I have been using the phrase “historical future” lately. My thought has been that we in the Wesleyan Tradition need to move into our historical future with regard to equity in the church for women and people of color. When I read Zemke’s conclusion I realized she was naming a metaphor that captures the idea of a historical future. Zemke concludes her text on what it means to be smart using the imagery of bridge building within congregations. She states, “One side of this bridge is anchored in the future you are trying to reach. The other side of the bridge is anchored in the past. In the present, people are walking on the bridge as you build it.”[1] One side of the bridge in the Wesleyan tradition is a history of inclusivity through being forerunners in the abolitionist movement. The other side is the future, where we actually look like the diverse group that we are theologically prepared to be. Today, in the middle, we are discovering the reasons why we are not actively living into our historical and prophetic voice and working toward change as our culture around us increasingly shifts and adapts to an ever-diversifying world.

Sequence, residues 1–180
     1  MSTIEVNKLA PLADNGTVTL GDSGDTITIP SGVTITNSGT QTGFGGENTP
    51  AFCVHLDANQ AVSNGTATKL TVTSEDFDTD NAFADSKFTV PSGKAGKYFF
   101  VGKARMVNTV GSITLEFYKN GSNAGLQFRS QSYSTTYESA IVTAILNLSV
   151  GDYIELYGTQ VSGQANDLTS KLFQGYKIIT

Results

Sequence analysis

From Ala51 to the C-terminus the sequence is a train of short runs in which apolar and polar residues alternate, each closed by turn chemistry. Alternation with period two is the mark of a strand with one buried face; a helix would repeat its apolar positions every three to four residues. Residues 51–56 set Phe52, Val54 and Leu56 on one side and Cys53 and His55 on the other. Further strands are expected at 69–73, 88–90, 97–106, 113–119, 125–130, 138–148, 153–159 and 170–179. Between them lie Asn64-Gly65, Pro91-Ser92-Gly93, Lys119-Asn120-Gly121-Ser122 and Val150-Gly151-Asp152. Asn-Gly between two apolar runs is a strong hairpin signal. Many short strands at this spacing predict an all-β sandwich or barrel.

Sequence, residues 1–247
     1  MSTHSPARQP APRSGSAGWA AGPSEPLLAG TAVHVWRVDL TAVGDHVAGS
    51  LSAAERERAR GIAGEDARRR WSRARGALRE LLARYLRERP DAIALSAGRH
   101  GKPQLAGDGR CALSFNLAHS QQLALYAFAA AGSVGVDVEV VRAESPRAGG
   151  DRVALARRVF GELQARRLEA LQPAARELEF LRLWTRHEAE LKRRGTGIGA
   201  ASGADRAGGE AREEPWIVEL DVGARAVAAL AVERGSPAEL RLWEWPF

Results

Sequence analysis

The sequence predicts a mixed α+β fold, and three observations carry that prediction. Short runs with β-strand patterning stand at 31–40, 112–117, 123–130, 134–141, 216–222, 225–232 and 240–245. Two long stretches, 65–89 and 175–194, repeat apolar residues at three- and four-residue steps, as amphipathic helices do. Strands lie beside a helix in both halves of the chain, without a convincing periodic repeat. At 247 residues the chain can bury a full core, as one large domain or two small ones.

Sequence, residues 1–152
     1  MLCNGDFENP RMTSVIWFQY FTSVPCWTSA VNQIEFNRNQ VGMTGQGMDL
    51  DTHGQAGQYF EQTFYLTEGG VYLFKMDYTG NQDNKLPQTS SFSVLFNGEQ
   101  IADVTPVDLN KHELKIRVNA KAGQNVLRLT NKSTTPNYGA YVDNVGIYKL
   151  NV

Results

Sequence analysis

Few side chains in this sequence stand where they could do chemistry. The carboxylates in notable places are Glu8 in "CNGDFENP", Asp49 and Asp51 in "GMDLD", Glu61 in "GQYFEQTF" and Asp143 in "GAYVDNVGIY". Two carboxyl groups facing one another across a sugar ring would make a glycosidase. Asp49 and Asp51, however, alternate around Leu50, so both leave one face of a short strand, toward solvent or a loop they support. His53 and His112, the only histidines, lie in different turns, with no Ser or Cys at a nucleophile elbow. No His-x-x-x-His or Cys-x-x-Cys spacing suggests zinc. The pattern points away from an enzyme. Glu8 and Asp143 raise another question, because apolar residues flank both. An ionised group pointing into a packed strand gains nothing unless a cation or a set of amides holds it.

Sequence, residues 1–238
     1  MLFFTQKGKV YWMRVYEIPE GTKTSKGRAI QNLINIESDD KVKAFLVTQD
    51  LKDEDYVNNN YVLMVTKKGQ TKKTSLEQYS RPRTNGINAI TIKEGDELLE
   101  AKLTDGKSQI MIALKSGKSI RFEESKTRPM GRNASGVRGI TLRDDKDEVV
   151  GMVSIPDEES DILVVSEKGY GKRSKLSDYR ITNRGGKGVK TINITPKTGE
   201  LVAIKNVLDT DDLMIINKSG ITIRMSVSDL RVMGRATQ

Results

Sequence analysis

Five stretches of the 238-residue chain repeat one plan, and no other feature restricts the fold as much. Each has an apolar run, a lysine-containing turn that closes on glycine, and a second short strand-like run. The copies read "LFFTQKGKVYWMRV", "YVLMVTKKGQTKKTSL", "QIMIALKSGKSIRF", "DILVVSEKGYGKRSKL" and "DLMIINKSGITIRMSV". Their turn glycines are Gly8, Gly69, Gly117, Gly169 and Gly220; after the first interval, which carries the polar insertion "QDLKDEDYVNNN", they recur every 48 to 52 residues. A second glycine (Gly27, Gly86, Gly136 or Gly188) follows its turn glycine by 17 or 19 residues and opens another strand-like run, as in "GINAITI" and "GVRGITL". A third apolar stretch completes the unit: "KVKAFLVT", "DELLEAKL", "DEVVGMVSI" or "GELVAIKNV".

Adaptive Problems

When thinking about the bridge being built and the needed change in the Wesleyan Tradition, Zemke’s variety of change types come to mind. While some of our changes are indeed technical and others are hybrid problems, the major focus of lack of diversity, equity, and inclusion in the Wesleyan Tradition centers around adaptive problems. “In adaptive problems it’s hard to understand exactly what the problem is and it’s also difficult to generate possible solutions.”[2] Adaptive problems center around identity and values, affecting the entire system or organization.[3] When considering the theology and practice of the Wesleyan Tradition, our identity and values do not match our action, particularly when it comes to diversifying our systems.

Zemke’s five steps toward addressing adaptive change are necessary to consider toward transforming the present into our historical future, so we may cross the bridge to a diverse and equitable reality. For reference toward working on the problem further, they are: